Federal preemption in the private sector dates back to the Supreme Court’s interpretation of the NLRA beginning in 1959 with the case San Diego Building Trades Council v. garmonand has been consistently recognized since that time.6 Generally, courts have applied preemption under the NLRA to expand to the entire subject matter of the NLRB. In this regard, the NLRA’s preemption of state law is broader than preemption that is recognized under other workplace laws. For example, federal laws such as the Fair Labor Standards Act and Title VII of the Civil Rights Act preempt state law only to the extent that federal law ensures employee rights that are greater than those provided by state law.7 Therefore, to the extent the Amendment is interpreted as establishing a constitutional right of all employees (as opposed to only certified unions) to bargain collectively, or to expand the subjects of bargaining from those listed in the NLRA to include new subjects such as matters of economic welfare, this raises a significant question of whether courts will decide that the NLRA preempts the Amendment in its entirety as applied to the bargaining rights of private sector employees.
Indeed, this question has already resulted in legal action by opponents of the Amendment based on NLRA preemption. In April 2022, a lawsuit was filed seeking to restrain and compel the Amendment from being placed on the ballot on the basis that the NLRA already regulates private sector collective bargaining and, therefore, the Amendment is subject to NLRA preemption.8 The Illinois Court of Appeals ruled, however, that the issue was not ripe for challenge, and thus the court did not address the merits of the precautionary argument. Now that the Amendment has passed, the NLRA preemption argument is expected to be the subject of future litigation.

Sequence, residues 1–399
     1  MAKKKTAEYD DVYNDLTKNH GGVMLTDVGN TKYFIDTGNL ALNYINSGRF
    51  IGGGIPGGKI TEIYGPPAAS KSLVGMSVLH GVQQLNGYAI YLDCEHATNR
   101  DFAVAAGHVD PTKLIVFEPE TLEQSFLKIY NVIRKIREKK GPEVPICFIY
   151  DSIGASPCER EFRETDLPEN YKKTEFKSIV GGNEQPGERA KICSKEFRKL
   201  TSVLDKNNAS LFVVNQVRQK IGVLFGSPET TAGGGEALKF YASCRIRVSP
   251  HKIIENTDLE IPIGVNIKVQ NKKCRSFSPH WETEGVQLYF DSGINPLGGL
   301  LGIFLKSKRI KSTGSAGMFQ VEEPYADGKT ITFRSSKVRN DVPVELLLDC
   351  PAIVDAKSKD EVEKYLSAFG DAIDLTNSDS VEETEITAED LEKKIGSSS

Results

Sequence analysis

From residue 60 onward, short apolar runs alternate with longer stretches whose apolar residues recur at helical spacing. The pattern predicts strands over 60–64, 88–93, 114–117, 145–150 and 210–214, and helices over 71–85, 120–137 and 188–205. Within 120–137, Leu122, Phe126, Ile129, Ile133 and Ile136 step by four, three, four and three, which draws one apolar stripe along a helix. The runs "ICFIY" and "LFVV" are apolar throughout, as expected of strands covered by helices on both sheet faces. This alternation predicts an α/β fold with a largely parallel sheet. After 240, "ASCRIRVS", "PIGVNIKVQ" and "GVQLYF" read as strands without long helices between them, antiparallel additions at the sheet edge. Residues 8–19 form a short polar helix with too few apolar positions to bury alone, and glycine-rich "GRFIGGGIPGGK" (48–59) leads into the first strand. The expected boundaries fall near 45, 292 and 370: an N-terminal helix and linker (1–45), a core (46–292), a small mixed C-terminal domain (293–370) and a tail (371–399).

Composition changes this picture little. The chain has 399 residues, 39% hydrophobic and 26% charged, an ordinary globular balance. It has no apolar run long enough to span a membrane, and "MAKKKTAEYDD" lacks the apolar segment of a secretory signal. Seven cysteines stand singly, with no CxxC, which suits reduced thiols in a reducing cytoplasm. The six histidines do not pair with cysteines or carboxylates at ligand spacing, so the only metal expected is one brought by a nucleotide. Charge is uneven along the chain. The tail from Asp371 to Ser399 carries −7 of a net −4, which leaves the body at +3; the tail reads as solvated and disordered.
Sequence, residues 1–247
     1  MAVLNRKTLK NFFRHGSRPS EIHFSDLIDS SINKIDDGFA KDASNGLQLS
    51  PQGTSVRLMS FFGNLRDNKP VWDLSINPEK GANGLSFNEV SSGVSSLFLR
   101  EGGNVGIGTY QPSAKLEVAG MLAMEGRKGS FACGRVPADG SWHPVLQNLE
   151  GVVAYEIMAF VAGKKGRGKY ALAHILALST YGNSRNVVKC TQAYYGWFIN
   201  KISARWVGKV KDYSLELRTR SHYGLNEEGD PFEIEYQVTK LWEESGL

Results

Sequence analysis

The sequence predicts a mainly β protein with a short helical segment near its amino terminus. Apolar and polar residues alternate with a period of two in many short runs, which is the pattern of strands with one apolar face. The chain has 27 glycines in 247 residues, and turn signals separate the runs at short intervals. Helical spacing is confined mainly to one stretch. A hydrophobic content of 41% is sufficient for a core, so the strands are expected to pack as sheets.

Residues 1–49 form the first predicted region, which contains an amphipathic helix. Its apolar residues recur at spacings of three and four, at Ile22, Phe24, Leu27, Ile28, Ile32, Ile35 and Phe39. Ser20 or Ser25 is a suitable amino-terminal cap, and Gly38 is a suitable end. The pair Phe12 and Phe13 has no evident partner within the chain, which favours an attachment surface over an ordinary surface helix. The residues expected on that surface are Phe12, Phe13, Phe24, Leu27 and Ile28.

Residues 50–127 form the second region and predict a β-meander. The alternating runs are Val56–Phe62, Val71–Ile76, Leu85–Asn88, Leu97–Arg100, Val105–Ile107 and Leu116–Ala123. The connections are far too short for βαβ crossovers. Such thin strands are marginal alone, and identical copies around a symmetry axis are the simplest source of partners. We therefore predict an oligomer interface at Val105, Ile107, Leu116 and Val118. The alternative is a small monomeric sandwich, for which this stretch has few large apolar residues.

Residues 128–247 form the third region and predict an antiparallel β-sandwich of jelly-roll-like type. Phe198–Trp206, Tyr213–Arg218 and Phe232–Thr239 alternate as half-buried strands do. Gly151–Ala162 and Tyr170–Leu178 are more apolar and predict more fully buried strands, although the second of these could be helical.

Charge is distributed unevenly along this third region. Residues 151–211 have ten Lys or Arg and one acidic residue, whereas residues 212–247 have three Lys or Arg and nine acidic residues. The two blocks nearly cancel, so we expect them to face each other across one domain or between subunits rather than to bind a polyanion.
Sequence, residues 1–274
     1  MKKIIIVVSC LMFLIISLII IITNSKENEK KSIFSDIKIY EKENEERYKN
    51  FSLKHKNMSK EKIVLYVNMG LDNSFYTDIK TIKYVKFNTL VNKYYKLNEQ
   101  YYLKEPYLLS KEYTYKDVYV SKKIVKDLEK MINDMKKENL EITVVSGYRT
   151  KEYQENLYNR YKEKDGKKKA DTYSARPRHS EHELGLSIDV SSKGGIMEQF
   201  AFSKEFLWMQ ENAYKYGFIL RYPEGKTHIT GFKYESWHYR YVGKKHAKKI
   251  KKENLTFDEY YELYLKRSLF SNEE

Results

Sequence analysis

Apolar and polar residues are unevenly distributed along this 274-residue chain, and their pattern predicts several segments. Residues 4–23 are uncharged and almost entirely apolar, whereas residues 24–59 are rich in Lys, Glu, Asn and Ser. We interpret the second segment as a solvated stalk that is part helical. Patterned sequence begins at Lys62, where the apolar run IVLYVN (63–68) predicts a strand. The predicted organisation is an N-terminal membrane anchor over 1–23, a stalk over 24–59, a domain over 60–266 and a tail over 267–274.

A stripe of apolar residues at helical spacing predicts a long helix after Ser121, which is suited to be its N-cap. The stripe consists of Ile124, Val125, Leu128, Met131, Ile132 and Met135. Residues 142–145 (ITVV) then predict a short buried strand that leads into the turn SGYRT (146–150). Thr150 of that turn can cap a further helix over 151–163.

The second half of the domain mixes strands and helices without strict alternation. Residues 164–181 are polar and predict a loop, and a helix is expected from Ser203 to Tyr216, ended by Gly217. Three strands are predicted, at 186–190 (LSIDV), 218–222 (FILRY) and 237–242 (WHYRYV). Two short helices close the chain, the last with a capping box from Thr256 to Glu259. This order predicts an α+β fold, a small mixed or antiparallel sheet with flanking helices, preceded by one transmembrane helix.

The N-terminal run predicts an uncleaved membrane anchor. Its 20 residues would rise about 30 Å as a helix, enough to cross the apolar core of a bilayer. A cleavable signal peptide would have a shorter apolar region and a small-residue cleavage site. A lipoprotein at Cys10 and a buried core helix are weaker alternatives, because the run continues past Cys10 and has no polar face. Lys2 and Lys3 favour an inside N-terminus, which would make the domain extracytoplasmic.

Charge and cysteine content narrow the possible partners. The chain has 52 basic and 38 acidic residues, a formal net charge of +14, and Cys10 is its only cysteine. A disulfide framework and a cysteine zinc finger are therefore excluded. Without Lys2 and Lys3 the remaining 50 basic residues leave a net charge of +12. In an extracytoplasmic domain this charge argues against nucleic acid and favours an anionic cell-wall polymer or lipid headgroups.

Protection of Union Security
The Amendment also appears to prevent Illinois from becoming a right-to-work state. Right-to-work legislation prohibits compulsory union membership. Currently, 28 states are right-to-work states, including the nearby states of Indiana, Iowa, Michigan, and Wisconsin.9
Section 14(b) of the NLRA allows states to prohibit mandatory union membership as a condition of employment.10 The Amendment, however, does the opposite by specifically prohibiting:
any law or ordinance that prohibits the execution or application of agreements between employers and labor organizations that represent employees requiring membership in an organization as a condition of employment.11
Thus, this language would effectively block any future legislative attempt to enact a private sector right-to-work law in Illinois. Again, this language could be challenged based on NLRA preemption, but the outcome of such a legal challenge is uncertain.
In the public sector, the Amendment could result in a state’s rights constitutional challenge to the Supreme Court’s stance on fair shareholdings. During the decision of the Supreme Court in Janus was based on the court’s interpretation of an Illinois statutory provision on fair share fees, the court’s analysis may change when faced instead with an amendment enacted by Illinois voters, as applied to Illinois public sector employees.12 In such a case, the notion that fair share prices violate the First Amendment of the US Constitution seems less compelling.
Given the open questions raised by the Amendment, public and private sector employers alike should be aware of the Amendment’s potential to significantly expand trade union rights. However, it is anticipated that the Amendment will be tested through extensive litigation, thus giving Illinois workers and employers greater clarity about the full extent of the Amendment’s impact.